Roosevelt actually called Mussolini “that admirable Italian gentleman” and wrote that he was “deeply impressed by what Mussolini has accomplished” and by his “evidenced honest purpose of restoring Italy and seeking to prevent general European trouble.”
And even after the Nazi atrocities became common knowledge, US corporations sought out contracts with Germany.
From 1933 on, the New York Times carried stories detailing the Nazi attacks on the Jews, yet Roosevelt blocked every attempt to let in Jewish refugees. They refused to open US borders to desperate Jews who lined up in the tens of thousands at American embassies throughout Europe.
Reports as early as 1941 were documenting the mass extermination of Jews on the eastern front, yet any response was delayed until 1944. Even then, the US hardly did anything to stop the genocide. For example, the US refused to bomb the tracks to Auschwitz even though bombers flew over Auschwitz to bomb its factories.
And then there's the dropping of the atom bomb which is painted as a necessary lesser evil. In reality, this atrocity wasn't necessary at all.
Japan was on the verge of collapse. An economic blockade had choked off its supplies and the country had already been bombed to bits.
Before the bomb was dropped, the Japanese had actually offered terms of surrender. The Naval Admiral William Leahy admitted as much in 1946 when he wrote:
Use of this barbarous weapon at Hiroshima and Nagasaki was of no material assistance in our war against Japan. The Japanese were already defeated and ready to surrender. (Atomic Diplomacy, Alperovitz, 14)
The US dropped the atomic bomb instantly incinerating two Japanese cities to make a statement to the rest of the world. Truman, a Democrat, wanted to ensure that no other power would encroach on US domination. The US dropped it to establish itself as the dominate power in Asia and to back Russia off.
Truman's Secretary of State Designate James Byrne explained that “the atomic bomb might well put us in a position to dictate our terms at the end of the war” and in his phrase, make Russia “more manageable”.
And that's what happened. World War II propelled the US to the top of the empire game along with Russia as the sole superpowers. They were to battle it out for control of the globe for the next 50 years into what we know as the Cold War.
Humanitarian Intervention: surgery for a wounded beast
Hopefully at this point, we can see that the US has actively created the mythology of American benevolence to obscure its true aims. And this is why there are seemingly no limits to the hypocrisy of the US military intervention. But there is another function of the mythology. It has historically played an important role in rehabilitating imperialism when wounded.
The biggest defeat for US imperialism, of course, was the Vietnam War—when the Vietnamese national liberation struggle combined with a soldier's resistance within the US military and a massive anti-war movement in the US brought US imperialism to its knees.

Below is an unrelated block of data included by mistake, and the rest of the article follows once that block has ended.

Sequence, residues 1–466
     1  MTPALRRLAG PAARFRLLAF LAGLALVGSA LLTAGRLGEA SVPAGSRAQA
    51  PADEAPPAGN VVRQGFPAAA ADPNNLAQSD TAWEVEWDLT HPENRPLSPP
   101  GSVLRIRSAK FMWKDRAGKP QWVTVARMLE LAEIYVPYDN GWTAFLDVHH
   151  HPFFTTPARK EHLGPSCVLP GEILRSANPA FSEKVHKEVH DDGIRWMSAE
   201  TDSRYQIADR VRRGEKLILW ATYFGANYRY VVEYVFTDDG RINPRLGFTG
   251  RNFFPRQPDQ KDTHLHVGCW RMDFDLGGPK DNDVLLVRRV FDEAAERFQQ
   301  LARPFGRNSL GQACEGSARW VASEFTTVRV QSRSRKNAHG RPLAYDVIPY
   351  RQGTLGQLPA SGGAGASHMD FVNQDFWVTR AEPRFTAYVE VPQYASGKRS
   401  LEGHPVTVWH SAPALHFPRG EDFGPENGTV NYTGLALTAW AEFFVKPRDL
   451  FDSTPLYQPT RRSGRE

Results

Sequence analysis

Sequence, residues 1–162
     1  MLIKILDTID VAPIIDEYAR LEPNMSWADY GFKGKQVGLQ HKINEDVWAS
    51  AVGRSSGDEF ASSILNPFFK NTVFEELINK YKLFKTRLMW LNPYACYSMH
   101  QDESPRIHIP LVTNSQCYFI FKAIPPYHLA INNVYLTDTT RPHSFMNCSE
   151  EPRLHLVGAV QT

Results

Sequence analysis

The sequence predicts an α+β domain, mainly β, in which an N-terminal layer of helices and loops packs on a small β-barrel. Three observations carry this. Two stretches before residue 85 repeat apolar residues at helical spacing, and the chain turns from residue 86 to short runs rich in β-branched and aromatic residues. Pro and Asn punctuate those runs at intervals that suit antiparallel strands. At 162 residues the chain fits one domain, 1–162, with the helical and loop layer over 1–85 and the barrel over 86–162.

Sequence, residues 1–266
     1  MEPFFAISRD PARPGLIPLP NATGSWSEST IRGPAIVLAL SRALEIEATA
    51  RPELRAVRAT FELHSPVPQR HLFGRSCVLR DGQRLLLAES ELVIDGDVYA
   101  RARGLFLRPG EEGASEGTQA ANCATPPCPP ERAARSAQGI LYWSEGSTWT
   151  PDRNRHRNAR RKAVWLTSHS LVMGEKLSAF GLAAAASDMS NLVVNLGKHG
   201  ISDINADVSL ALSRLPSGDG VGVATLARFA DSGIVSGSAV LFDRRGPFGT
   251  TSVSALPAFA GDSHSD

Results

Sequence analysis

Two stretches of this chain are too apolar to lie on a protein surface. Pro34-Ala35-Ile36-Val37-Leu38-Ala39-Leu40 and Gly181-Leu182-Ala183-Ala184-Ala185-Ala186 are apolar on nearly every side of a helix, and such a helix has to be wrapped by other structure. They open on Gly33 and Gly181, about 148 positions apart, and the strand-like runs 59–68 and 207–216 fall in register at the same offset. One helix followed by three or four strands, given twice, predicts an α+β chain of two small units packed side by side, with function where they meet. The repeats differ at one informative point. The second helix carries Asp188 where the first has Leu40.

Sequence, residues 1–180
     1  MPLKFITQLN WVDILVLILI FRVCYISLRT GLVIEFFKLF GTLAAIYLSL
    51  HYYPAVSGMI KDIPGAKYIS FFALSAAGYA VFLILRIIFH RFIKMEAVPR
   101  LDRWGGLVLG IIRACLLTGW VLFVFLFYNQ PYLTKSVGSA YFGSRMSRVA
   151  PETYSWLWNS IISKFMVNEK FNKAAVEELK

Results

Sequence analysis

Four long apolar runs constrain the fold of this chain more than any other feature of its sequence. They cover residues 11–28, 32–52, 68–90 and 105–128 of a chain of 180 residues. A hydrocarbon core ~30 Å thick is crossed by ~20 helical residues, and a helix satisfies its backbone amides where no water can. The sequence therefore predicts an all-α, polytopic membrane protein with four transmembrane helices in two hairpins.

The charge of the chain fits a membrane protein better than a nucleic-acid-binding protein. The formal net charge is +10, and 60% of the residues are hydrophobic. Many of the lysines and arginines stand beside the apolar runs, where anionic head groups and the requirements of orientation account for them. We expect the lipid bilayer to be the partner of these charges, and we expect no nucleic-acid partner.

With this resistance, the horrors of US imperialism were brought into plain sight for everyone to see and the motives of the US ruling class became clear as day.
Along with US imperialism, the myth of American benevolence took a serious blow as well. Known as the “Vietnam Syndrome”, politicians became reluctant to commit US forces to military adventures around the world. They needed to recover from domestic disillusionment and international disdain.
To slowly rebuild the right of the US military to openly intervene around the world again, the military establishment launched a decades-long drive of front-loading the myth of American benevolence.
During the Cold War, the rationale was fighting “communism” and “promoting democracy”.
As the Cold War ended, the ruling class shifted to its most successful rhetoric in rehabilitating US imperialism—the “humanitarian” intervention. And what better person to lead this charge for the ruling class than the “I feel your pain” president Bill Clinton.
If there was hesitancy to use the US military for direct intervention, US imperialism could lean more on other—more behind the scenes methods to secure its interests and dominate the globe.
The US trained, funded, and funneled weapons to paramilitary death squads like the contras to put down popular movements in Latin America. They used the CIA to orchestrate behind the scenes regime changes to make sure that US-friendly dictators ruled. They propped up proxy states such as Israel to protect interests abroad. And they forced economic restructuring programs through the World Bank and IMF into already-poor and developing countries that left them further in debt and in economic servitude to the US.
One of the favorite strategies of the US during this time was to invade under the guise of international institutions such as the UN. In fact, there were nearly 40 UN “peacekeeping” missions in the 1990's alone. (ISR 23)
But despite the humanitarian rhetoric, the United Nations was created in the first place to do the bidding of the world superpowers after World War II. Since then, it has been used to give the US the facade of international peacekeeping while furthering the US imperial project. The fact that major powers—especially the US—ignores the UN when it won't do its bidding shows that it exists to serve imperialism, and not the other way around.
A look at the actual record of US intervention through the UN shows that it is anything but humanitarian. In fact, the UN has played a destructive role in the hands of US imperialism.
One of the most telling examples is Somalia.